challenge_type in (‘rabbit’, ‘mustang’, ‘ocean’)
How to navigate instead of drown when your challenge is untameable
This one’s for the ocean boilers and the detail-oriented, the completionists and the over-achievers.
But it’s also for the cowboys and the wranglers, those who take pride in their ability to tame unruly projects and processes into well-documented and governed cross-functional alignment.
This is both a warning and a consolation.
Some challenges cannot be tamed. Attempts to do so will leave you exhausted and overwhelmed, with little to show for your efforts.
But that doesn’t mean you should give up on them. Too often, we walk away from a problem that can’t be tamed because we don’t realize that it can be navigated.
So hop on board, cowboy, and let’s talk about how to ride these waves.
Violence and Containability
Something can only be tamed if it’s containable1. And how easy it is to tame or navigate has a lot to do with how (metaphorically) violent it is.
A containable problem is one that you can fully understand, that you can “wrap your head around”.
A violent problem is one that resists solutions because it’s dynamic, complex, rapidly evolving, etc.
Based on high/low containability/violence, we can sort our challenges into three categories: Rabbits, Mustangs, and Oceans2.
Rabbits are easy to contain and not particularly violent.
Rabbit-like problems have finite scope and a clear path from problem to solution. You can wrap your head around them, and they don’t resist being solved.
Consider a minor software bug: once you understand the expected behavior of the software and the architecture of the program, you can apply logic deterministically to resolve the issue.
Little solvable problems like this are as ubiquitous and common as, well, rabbits3.
Wranglers love mustangs. Taming a mustang is a great story. And while mustangs are violent, they’re containable, meaning you can still form a pretty complete understanding of the problem space. They may have a feisty streak, requiring maintenance to stay in-line, but such maintenance is possible.
Consider an algorithm to detect fraudulent use of software. Once you ship a solution, bad actors adapt their behavior, resisting your solution. Even so, it’s still possible, with appropriate resources, to keep percent fraudulent usage within a tolerable level.
A lot of impressive B2C data solutions fit into this category: ride share routing, pricing optimization for travel bookings, distribution logistics, etc.
A key trait of the mustang is that the primary value is directly measurable. This is part of what makes these stories so compelling.
Impressive as they are, all those problems are ultimately easier than our next category…
Oceans are both uncontainable and violent. They resist solutions and evade comprehension. Those who believe they’ve tamed the ocean are most likely to drown.
Often wicked problems, these challenges are entangled with emotional, moral, and cultural questions.
Any time our value prop is something like “wellness” or “success” or “alignment”, we’re operating in these waters. And this is particularly common in B2B SaaS4.
“Value based pricing” is inherently more amorphous than merchandise margins. Customer retention is meaningfully affected by the quality of human relationships, which are far harder to measure than clicks on a web page.
Consider a service like data visualization. It’s not an end in and of itself. Companies want to visualize data so that they can use data so that they can make decisions so that the company can be successful.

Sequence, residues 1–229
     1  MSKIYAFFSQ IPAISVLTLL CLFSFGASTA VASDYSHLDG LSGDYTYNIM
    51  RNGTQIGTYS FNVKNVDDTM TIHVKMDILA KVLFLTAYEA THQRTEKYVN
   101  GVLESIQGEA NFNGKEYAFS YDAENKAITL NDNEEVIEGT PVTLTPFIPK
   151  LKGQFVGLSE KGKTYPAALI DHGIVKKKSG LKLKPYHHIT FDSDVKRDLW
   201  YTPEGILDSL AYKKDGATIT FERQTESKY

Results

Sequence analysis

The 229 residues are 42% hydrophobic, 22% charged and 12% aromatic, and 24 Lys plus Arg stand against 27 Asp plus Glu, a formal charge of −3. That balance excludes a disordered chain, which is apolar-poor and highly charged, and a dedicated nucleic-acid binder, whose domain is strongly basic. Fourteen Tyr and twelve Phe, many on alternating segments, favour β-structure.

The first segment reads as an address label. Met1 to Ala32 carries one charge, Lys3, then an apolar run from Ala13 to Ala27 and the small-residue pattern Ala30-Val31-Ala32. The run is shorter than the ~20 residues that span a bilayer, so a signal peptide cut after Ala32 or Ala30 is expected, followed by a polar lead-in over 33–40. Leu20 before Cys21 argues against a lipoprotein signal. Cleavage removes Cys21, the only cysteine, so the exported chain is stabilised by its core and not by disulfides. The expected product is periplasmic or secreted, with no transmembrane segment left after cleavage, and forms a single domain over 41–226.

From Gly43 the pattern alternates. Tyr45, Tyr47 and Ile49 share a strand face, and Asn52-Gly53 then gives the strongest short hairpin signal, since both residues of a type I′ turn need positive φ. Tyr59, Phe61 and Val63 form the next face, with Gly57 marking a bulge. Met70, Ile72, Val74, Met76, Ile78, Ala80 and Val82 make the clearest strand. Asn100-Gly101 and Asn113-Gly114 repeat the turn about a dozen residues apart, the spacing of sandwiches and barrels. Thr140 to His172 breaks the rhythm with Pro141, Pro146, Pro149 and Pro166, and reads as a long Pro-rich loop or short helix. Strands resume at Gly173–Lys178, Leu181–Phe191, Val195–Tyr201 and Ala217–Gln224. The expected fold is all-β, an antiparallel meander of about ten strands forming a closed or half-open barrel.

How does a company even know if it’s successful? How do we account for cases when high-quality decisions still have bad outcomes, and vice versa? How do we control for all of the other variables that affect decision quality beyond the visualization tool? What if it turns out the tool makes a lot of money from customers that don’t even get that much legitimate use out of it, just because they like the tool and having it makes them feel good?5 We don’t want more customers like that, right? Or do we?
We might let existing customers vote on what features we should work on next, but what do we do when growing the company requires attracting prospects that have different priorities than our current customers?
The primary value of data visualization cannot be directly measured.
And the same is true of data warehousing, marketing automation, financial record keeping, and so many other B2B SaaS products.
These spaces are untameable. But they can be navigated.
A Navigator’s Mindset
A tamer first asks: “What am I dealing with?”
A navigator first asks: “Where do we want to go?”
Let’s apply this to NPS6:
Tamer: What are the drivers of our current NPS?
Navigator: What are realistic steps we could take to improve customer experience? What features might help us choose between them?
If NPS for this organization is a tameable problem, the cowboy’s approach to understand the full problem space is going to pay off. They may come up with novel ways to improve NPS. And even if drivers aren’t things the company can directly impact, the team can at least identify leading indicators.
But what if NPS for this org isn’t tameable? What if there’s a lot of noise, and the key drivers vary significantly region to region or day to day? Attempting to understand all drivers to NPS is like trying to bottle the ocean.
Here, the navigator pulls ahead. With an unshakeable focus on “where are we going?” the navigator doesn’t have to understand every current in the ocean—only the ones that will get the team from point A to point B. The navigator starts moving early—spinning up an experiment to see if if an onboarding tutorial improves satisfaction—and comfortably changes course if that approach doesn’t move the needle.